- 4179 Toutatis
Infobox Planet | discovery=yes | physical_characteristics = yes | bgcolour=#FFFFC0
January 4, 1989
alt_names=1934 CT; 1989 AC
orbit_ref = cite web |title =JPL Small-Body Database Browser: 4179 Toutatis (1989 AC) |url=http://ssd.jpl.nasa.gov/sbdb.cgi?sstr=1989AC |accessdate=2008-02-05]
October 22, 2004(JD 2453300.5)
semimajor=377.326 Gm (2.531 AU)
perihelion=137.739 Gm (0.934 AU)
aphelion=616.914 Gm (4.128 AU)
period=1471.15 d (4.03 a)
rotation=5.41 to 7.33 d
4179 Toutatis/1989 AC (pronEng|tuːˈtɑːtɨs "too-taa'-tis") is an Apollo, Alinda, and
Mars-crosser asteroidwith a chaotic orbit produced by a 3:1 resonance with the planet Jupiter. Due to its very low orbital inclination(0.47°) and its orbital period of very nearly 4 years, Toutatis makes frequent close approaches to Earth, with a currently minimum possible distance (Earth MOID) of just 0.006 AU (2.3 times as far as the Moon). The approach on September 29, 2004was particularly close, at 0.0104 AU (within 4 lunar distances) from Earth, presenting a good opportunity for observation. The next close approach will be 0.0502 AU on November 9 2008at 12:23 UTC. cite web |last = Yeomans |first = Donald K. |url=http://ssd.jpl.nasa.gov/horizons.cgi?find_body=1&body_group=sb&sstr=4179 |title=Horizon Online Ephemeris System |publisher=California Institute of Technology, Jet Propulsion Laboratory |accessdate=2008-01-25]
Its rotation combines two separate periodic motions into a non-periodic result; to someone on the surface of Toutatis the
Sunwould seem to rise and set in apparently random locations and at random times at the asteroid's horizon.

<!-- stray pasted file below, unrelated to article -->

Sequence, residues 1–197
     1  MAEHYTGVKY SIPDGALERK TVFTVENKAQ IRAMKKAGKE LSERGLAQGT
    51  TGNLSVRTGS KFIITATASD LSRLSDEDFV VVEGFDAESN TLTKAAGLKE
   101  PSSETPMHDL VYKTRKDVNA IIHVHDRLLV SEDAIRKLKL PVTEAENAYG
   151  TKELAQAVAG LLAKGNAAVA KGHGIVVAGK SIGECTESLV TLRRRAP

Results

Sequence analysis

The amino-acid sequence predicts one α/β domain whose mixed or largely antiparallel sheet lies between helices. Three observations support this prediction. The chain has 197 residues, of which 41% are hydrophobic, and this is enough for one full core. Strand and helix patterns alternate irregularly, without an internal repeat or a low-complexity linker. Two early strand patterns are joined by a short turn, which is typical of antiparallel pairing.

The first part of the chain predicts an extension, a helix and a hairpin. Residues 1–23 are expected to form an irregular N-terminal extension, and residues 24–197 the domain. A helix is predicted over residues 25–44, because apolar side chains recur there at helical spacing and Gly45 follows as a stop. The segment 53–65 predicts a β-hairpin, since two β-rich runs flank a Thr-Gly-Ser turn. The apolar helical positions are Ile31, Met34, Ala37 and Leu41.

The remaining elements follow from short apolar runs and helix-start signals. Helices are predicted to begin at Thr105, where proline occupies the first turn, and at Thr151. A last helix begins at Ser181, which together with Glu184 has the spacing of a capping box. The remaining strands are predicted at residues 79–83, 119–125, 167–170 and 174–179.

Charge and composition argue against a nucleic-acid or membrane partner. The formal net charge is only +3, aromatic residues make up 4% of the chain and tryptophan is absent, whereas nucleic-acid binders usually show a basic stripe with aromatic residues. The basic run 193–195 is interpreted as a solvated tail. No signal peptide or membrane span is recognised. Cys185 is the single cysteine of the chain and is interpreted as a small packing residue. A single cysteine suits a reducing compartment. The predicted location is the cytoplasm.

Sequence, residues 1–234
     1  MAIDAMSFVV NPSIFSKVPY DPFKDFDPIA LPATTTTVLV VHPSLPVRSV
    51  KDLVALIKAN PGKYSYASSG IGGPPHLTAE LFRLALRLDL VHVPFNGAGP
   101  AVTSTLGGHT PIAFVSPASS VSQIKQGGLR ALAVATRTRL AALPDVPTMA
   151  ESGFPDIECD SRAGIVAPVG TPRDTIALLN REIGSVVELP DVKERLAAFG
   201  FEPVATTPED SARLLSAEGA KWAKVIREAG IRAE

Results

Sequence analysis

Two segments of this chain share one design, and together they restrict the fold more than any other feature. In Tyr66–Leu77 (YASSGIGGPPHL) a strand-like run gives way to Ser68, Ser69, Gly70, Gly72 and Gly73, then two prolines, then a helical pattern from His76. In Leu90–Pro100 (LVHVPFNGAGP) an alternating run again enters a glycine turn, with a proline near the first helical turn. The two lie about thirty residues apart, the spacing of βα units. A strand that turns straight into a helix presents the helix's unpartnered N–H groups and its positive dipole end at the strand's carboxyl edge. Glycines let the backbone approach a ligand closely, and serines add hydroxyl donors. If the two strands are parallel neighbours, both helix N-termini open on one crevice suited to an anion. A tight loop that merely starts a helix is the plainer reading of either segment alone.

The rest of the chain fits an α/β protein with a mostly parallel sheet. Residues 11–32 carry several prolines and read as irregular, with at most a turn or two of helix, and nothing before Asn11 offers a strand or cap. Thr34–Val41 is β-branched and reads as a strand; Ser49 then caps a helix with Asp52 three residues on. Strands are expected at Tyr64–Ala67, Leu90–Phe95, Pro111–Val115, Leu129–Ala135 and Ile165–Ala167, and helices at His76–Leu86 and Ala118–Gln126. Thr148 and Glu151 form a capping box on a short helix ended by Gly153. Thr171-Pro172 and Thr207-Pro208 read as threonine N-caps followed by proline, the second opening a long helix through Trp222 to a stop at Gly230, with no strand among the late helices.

It was first sighted on
February 10 1934as object 1934 CT and then promptly lost. It was recovered on January 4, 1989by Christian Pollasand was named after the Celtic god Toutatis/Teutates, known to popular culture as Astérix's village-god.
Radar imagery has shown that Toutatis is a highly irregular body consisting of two distinct "lobes", with maximum widths of about 4.6 km and 2.4 km respectively. It is hypothesized that Toutatis formed from two originally separate bodies which coalesced at some point, with the resultant asteroid being compared to a "rubble pile".
List of noteworthy asteroids
* [http://echo.jpl.nasa.gov/asteroids/4179_Toutatis/toutatis.html Toutatis radar information]
* [http://www.astrosurf.com/maury/asteroides/toutatis.html Toutatis Home Page] - by one of the asteroid's discoverers
* [http://space.com/scienceastronomy/toutatis_video_040929.html Space.com: Video of Toutatis's close approach to Earth, 29 Sept, 2004]
* [http://www.solarviews.com/eng/toutatis.htm Interesting views of asteroid]
* [http://www.astrobio.net/news/modules.php?op=modload&name=News&file=article&sid=1219 Astrobiology Magazine article]
* [http://www.orbitsimulator.com/gravity/articles/toutatis.html Simulating the orbit of Toutatis exposes its resonance with Jupiter]
* [http://ssd.jpl.nasa.gov/sbdb.cgi?sstr=Toutatis;orb=1 Orbital simulation] from JPL (Java) / [http://ssd.jpl.nasa.gov/horizons.cgi?find_body=1&body_group=sb&sstr=Toutatis Ephemeris]
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